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       ! 123
dup    ! 123 123
log10  ! 123 2.089905111439398
1      ! 123 2.089905111439398 1
/i     ! 123 2
1      ! 123 2 1
+      ! 123 3
10^    ! 123 1000
9      ! 123 1000 9
/i     ! 123 111
*      ! 13653
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2
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PARI/GP, 21 bytes

n->n*(10^#Str(n)-1)/9

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PARI/GP, 29 bytes

f(n,m=n)=if(n,10*f(n\10,m)+m)

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PARI/GP, 31 bytes

n->fromdigits([n|i<-digits(n)])

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2
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BQN, 27 bytes

{𝕩≤𝕨÷10?(𝕨×𝕩)+𝕨𝕊𝕩×10;𝕨×𝕩}⟜1

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Recursive function to try to circumvent the lack of simple base-conversion, string-conversion or logarithm functions in BQN.

{𝕩≤𝕨÷10?(𝕨×𝕩)+𝕨𝕊𝕩×10;𝕨×𝕩}⟜1     # recursive function with input 𝕨 
                         ⟜1     #  and second argument 𝕩 initiall set to 1
 𝕩≤𝕨÷10?                        # is 𝕩 less than or equal to 𝕨÷10?
                                # if yes:
        (𝕨×𝕩)                   #  return 𝕨×𝕩
             +                  #  plus
              𝕨𝕊𝕩×10            #  the result of a recursive call
                                #   with 𝕩 multiplied by 10
                    ;           # otherwise:
                     𝕨×𝕩        #  just return 𝕨×𝕩
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  • 1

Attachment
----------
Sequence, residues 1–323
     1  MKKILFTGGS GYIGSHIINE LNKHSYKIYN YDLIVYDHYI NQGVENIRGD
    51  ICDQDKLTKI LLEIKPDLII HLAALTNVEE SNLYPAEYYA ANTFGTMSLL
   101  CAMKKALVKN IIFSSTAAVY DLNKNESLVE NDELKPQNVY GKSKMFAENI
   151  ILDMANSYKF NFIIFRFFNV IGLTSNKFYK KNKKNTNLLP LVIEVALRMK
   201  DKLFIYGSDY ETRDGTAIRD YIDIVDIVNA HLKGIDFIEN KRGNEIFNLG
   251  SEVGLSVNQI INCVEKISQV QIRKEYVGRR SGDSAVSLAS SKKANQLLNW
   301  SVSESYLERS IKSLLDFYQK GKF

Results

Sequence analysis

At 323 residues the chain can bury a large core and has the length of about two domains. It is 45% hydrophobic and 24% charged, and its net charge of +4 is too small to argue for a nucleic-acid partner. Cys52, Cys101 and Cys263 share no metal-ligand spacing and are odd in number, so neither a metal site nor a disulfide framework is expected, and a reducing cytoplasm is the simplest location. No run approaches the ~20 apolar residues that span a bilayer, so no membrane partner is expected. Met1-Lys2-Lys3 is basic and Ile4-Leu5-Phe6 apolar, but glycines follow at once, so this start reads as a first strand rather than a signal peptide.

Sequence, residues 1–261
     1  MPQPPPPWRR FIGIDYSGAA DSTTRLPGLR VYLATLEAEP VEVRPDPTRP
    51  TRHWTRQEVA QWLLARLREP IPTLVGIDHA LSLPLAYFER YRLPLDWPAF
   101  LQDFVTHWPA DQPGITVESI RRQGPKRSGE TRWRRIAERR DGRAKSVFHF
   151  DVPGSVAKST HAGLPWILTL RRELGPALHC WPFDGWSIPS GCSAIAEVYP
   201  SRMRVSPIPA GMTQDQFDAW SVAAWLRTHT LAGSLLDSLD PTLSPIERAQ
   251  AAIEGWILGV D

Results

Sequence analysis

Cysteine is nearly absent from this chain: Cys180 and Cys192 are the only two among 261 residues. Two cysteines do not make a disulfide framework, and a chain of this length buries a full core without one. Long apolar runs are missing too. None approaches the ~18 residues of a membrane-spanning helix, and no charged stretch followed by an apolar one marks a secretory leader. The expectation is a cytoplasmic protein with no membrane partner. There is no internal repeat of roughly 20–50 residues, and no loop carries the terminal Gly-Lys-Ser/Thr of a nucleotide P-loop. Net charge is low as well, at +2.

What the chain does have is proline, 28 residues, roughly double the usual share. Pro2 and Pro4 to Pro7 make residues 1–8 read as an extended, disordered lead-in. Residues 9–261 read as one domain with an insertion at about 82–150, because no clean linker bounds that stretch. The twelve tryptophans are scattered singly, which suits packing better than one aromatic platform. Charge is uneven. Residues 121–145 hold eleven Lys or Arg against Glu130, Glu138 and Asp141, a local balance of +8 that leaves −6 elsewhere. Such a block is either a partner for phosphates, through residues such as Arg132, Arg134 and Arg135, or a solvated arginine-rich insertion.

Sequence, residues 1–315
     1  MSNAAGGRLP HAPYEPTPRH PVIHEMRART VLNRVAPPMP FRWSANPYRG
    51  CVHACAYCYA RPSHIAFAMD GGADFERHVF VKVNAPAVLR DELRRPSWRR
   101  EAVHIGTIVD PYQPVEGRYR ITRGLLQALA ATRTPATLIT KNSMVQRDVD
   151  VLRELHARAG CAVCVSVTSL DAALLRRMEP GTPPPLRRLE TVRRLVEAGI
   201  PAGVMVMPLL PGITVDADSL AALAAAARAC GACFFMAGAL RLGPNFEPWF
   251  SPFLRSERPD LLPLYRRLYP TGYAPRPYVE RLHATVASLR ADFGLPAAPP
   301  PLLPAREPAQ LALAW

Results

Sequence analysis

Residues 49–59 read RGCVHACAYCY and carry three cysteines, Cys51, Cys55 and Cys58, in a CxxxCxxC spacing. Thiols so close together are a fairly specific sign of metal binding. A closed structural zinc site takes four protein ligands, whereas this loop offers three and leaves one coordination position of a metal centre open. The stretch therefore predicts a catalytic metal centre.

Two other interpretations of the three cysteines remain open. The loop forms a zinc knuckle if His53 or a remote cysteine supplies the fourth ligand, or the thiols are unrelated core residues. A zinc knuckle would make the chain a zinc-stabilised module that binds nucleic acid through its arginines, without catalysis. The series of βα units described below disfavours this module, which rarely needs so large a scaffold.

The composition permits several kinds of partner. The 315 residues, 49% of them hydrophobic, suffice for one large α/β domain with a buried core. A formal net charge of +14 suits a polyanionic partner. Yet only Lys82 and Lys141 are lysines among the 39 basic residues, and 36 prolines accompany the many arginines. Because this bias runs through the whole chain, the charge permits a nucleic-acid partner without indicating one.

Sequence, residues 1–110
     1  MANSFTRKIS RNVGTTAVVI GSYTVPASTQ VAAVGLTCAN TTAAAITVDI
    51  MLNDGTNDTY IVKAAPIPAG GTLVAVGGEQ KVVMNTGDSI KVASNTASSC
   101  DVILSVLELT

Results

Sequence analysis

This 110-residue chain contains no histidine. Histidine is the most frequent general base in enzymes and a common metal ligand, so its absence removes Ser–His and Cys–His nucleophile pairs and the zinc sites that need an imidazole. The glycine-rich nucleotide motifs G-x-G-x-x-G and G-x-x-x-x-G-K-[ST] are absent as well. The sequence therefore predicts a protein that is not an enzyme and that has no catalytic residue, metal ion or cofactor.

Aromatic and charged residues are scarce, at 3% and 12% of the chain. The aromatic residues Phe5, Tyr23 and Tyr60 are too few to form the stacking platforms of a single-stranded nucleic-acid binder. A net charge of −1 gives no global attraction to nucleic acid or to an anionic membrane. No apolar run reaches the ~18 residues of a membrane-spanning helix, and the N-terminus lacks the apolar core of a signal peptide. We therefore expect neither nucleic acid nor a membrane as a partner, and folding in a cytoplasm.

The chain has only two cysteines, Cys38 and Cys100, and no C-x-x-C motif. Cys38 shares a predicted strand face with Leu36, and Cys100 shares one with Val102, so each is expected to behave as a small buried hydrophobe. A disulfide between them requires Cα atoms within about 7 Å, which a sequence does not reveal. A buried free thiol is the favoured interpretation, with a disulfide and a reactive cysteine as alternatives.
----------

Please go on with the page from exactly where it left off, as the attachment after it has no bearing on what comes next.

\$\begingroup\$ You can do a logarithm in BQN by undoing the Power function (but be aware of floating-point errors). There's also •math.Log10 for this specific case, which does appear to have exact results when given a power of 10. \$\endgroup\$
    – DLosc
    Jul 26, 2022 at 18:39
  • \$\begingroup\$ @DLosc - Aha! Good point - thank you... now to see if using this can reduce the byte-count.... to work.... \$\endgroup\$ Jul 26, 2022 at 18:53
2
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Raku, 13 bytes

{$_*S:g/./1/}

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2
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C++ (gcc), 42 bytes

[](int&n){int i=1;for(;n/i;)i*=10;n*=i/9;}

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2
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Prolog (SWI), 40 bytes

X+N:-N is(10^(floor(log10(X))+1)-1)*X/9.

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1
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ECMAScript 2016, 73 bytes

n=>Array(String(n).length).fill(n).map((a,b)=>a*10**b).reduce((a,b)=>a+b)
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1
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PowerShell Core, 46 bytes

"$(1..($s="$args").Length|%{"+$s";$s+=0})"|iex

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For example for 123:
We generate an array containing: "+123","+1230""+12300"
Then we join them all in a space separated string "+123 +1230 +12300"
Then we execute it as a PowerShell expression, returning 13653

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Thunno 2 S, 3 bytes

Że×

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Explanation

Że×  # Implicit input
Ż    # Push [0..len(input))
 e   # Take 10 ** each
  ×  # Multiply by input
     # Auto-sum and output